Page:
"As we see on a regular basis, 3D printing has often been taken up as a tool to help better the lives of both people and animals. In the animal kingdom, a number of birds, dogs, cats, horses, and even turtles have been given a second chance at a comfortable life thanks to the dedication of specialists and rapid prototyping technologies. Most recently we heard Uga's story, who is one of many turtles rehabilitated with the help of 3D printing.
Uga was brought into an Italian veterinary clinic with both his back legs in a dire condition, and the vets thought the animal had been attacked by rats. After treating the turtle as best they could, the clinic staff were able to rehabilitate one of the turtle's legs but were forced to amputate the other, sadly leaving the turtle unable to walk. Fortunately, Uga was being cared for by an especially innovative veterinarian, Nicola Di Girolamo (also quite fittingly known as Dr. Furetto), who was not at all interested in giving up on the disabled animal.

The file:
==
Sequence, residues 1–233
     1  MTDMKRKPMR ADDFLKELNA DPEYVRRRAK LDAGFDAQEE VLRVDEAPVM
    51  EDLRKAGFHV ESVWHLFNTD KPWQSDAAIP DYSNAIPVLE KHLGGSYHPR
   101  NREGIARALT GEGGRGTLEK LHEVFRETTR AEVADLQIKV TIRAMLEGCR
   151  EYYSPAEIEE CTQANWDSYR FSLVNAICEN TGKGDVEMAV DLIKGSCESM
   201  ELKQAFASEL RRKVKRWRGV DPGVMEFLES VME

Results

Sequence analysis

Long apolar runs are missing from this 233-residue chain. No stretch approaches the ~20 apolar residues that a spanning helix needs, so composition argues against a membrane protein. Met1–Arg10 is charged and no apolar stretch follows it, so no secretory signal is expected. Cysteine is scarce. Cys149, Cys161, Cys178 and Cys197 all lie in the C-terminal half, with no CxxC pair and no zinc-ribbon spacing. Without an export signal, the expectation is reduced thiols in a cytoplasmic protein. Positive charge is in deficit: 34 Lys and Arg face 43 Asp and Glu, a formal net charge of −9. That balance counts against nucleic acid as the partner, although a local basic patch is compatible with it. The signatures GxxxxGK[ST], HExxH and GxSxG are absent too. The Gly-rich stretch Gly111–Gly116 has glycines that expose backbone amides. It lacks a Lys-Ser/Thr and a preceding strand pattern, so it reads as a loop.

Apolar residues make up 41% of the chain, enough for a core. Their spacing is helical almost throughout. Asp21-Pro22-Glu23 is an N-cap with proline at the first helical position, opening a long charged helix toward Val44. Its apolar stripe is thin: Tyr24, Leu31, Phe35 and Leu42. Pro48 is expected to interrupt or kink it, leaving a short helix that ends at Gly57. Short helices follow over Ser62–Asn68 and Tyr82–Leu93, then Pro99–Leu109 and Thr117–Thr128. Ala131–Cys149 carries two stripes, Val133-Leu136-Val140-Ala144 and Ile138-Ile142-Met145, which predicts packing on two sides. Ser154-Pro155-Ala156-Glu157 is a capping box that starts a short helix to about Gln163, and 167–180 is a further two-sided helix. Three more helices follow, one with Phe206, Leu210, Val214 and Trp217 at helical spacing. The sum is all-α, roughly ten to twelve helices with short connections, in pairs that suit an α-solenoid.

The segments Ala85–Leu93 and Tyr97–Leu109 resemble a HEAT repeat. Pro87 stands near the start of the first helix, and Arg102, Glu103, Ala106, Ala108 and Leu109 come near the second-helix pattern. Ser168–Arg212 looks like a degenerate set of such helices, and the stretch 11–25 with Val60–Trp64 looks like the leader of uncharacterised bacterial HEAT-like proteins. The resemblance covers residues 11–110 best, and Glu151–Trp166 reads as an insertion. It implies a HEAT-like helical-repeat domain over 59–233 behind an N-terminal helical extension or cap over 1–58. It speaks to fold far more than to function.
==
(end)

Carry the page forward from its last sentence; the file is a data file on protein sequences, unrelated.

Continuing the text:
To help Uga, Girolamo reached out to a local 3D printing hub, Roma Stampa, to see if they could help design and build a prosthetic device for the injured turtle. According to Roma Stampa, which is owned by one Massimo Montrassi, they received the Facebook post from the vet and were immediately interested in taking on the project and putting their 3D printing skills to the test.
The first step was to take Uga's measurements to make the prosthetic device custom fitted. This consisted of taking a gypsum mold of the turtle's shell as well as conducting a 3D scan of the shell using an Artec Spider to generate an accurate digital image. The concept for the prosthetic device was to build a sort of cart with two wheels that could be comfortably mounted onto the turtle's shell using magnets. With the design direction in mind, and a Zortrax M200 3D printer on hand, the 3D designers got to work.
Of course, the design process included a number of failed or imperfect prototypes which were adapted and adjusted until the final prosthetic design was made. This final design, which could be easily disassembled and put together, was printed using a black Z-ULTRAT material and was attached to the turtle's shell using two neodymium magnets.
Once Uga was fitted with the new 3D printed prosthesis, the veterinarians and the team from Roma Stampa were both equally excited to see the turtle take its first steps. Now, seeing the positive effect the technology had on the turtle's mobility, both parties understand the potential of the technology in the field of animal care and are hoping to continue to help animals with 3D printing."
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